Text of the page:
Facebook and Google (among other companies) are creating solutions to remove extremist views and hateful discourse from their online platforms. However, authorities in the UK feel that this effort isn't good enough and are currently considering putting fines in place in order to make companies more active in quickly banning it.
Major online companies are usually reluctant to share their #online data with national authorities, and governments have to spend major amounts of money in vigilance, counter-terrorism and anti-radicalism programmes. The new fines could assist in the funding of these government actions.
According to Ben Wallace (UK's Minister of State for Security and Economic Crime), the public shouldn't assume "that online companies don't care about profits because their staff sit on puffs and wear t-shirts all day. In fact, they carelessly sell all of our data to credit card and soft-porn companies but refuse to share them with democratically elected governments!"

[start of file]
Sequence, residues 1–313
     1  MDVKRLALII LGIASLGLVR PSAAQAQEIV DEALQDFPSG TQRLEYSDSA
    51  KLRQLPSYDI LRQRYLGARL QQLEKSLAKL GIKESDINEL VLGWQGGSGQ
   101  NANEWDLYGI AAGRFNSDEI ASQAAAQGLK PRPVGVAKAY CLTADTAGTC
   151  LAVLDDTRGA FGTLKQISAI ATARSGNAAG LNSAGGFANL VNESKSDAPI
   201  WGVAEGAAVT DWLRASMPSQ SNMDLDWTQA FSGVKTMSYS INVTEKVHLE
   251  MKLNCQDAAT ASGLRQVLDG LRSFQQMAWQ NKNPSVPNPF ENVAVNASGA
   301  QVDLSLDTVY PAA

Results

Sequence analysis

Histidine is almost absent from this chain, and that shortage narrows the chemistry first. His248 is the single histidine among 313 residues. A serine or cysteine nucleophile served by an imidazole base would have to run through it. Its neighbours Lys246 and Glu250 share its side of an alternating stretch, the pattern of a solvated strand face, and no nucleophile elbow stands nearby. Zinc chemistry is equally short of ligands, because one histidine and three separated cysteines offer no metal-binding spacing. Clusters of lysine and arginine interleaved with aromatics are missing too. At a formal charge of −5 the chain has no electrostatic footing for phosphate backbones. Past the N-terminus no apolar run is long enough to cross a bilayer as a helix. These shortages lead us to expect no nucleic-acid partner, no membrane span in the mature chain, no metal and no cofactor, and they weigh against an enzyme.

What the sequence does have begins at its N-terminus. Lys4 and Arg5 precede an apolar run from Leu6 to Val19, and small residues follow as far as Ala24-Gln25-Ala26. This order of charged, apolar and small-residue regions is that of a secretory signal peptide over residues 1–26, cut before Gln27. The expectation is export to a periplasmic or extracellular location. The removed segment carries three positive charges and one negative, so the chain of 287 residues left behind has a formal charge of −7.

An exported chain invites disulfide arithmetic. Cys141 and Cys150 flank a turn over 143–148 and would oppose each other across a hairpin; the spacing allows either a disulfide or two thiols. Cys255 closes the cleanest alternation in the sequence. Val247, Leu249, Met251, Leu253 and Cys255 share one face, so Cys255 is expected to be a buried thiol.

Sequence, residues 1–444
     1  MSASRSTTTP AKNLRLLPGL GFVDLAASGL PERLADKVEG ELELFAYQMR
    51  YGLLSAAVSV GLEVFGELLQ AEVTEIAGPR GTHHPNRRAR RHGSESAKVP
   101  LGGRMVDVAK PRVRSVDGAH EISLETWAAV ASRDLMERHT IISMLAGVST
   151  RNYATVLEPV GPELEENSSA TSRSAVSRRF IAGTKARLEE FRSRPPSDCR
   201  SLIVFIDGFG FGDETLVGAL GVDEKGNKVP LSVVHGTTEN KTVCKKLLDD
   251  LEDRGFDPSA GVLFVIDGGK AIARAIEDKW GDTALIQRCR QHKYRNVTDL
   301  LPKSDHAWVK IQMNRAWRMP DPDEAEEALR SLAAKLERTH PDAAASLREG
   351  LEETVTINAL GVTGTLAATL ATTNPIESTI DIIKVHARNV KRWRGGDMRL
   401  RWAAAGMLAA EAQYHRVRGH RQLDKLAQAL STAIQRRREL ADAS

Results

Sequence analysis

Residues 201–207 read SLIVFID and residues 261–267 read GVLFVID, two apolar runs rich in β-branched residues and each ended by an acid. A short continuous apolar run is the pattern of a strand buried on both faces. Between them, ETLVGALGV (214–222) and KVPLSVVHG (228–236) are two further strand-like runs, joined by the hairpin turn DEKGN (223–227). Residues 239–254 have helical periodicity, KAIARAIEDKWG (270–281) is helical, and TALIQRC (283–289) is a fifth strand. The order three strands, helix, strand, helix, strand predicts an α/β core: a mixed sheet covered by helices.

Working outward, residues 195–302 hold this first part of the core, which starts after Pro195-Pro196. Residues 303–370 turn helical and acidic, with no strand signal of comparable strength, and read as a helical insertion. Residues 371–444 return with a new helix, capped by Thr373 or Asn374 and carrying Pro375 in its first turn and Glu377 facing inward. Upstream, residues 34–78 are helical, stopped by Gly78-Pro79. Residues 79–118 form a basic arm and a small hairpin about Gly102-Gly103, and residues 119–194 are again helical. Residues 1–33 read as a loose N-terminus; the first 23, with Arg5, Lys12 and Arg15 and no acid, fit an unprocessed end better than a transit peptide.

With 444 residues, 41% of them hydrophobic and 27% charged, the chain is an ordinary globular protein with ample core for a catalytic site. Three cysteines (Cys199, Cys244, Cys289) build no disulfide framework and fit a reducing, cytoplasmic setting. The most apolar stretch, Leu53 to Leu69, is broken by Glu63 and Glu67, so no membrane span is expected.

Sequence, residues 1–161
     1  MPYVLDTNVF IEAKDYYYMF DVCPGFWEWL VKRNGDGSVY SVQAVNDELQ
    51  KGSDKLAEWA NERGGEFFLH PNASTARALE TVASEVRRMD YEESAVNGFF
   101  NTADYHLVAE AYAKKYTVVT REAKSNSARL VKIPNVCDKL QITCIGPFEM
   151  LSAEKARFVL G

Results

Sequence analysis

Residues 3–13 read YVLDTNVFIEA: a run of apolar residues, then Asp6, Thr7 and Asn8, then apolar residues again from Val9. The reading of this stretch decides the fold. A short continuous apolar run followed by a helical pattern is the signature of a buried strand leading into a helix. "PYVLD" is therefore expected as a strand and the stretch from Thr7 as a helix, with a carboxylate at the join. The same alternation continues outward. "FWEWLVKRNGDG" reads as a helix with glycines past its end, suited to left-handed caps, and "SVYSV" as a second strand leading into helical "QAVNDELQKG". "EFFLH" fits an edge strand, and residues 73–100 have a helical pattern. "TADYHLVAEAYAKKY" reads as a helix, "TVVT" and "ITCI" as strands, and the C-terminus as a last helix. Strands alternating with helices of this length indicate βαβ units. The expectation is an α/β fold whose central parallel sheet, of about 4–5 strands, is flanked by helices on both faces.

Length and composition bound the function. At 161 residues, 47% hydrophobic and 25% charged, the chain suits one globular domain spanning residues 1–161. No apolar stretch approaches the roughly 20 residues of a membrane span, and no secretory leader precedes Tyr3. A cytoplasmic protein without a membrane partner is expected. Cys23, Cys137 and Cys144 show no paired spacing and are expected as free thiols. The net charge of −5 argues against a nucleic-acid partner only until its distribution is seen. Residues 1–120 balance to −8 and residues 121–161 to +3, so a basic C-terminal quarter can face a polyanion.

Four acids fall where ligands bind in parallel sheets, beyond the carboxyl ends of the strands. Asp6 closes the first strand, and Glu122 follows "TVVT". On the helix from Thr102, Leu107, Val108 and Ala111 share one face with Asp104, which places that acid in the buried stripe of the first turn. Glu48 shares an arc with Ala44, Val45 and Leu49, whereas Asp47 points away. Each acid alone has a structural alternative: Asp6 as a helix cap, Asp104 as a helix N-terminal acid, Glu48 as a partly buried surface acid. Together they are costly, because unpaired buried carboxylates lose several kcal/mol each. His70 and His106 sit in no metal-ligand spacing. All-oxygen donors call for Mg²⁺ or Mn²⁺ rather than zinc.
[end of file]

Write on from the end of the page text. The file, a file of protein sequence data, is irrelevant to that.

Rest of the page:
Facebook executive Simon Milner has already refuted Wallace's criticism, especially in relation to the fight against terrorism, stating that they have invested millions of pounds in both people and technology to identify and remove terrorist content
Using fines to sponsor important government actions isn't something new and I think it is indeed the right way to use the vast amount of money that is gathered. However, the most important action can't be done by governments nor Google or Facebook: it starts at in the home.
Carefully explaining terrorism and what it means for us, our society and way of living. Clearly saying what these terrorists want and don't say or try to disguise in false religious views. Making all of our #family members (especially young ones) informed about our world and answering their questions is much more valuable and successful than any technologically advanced censorship.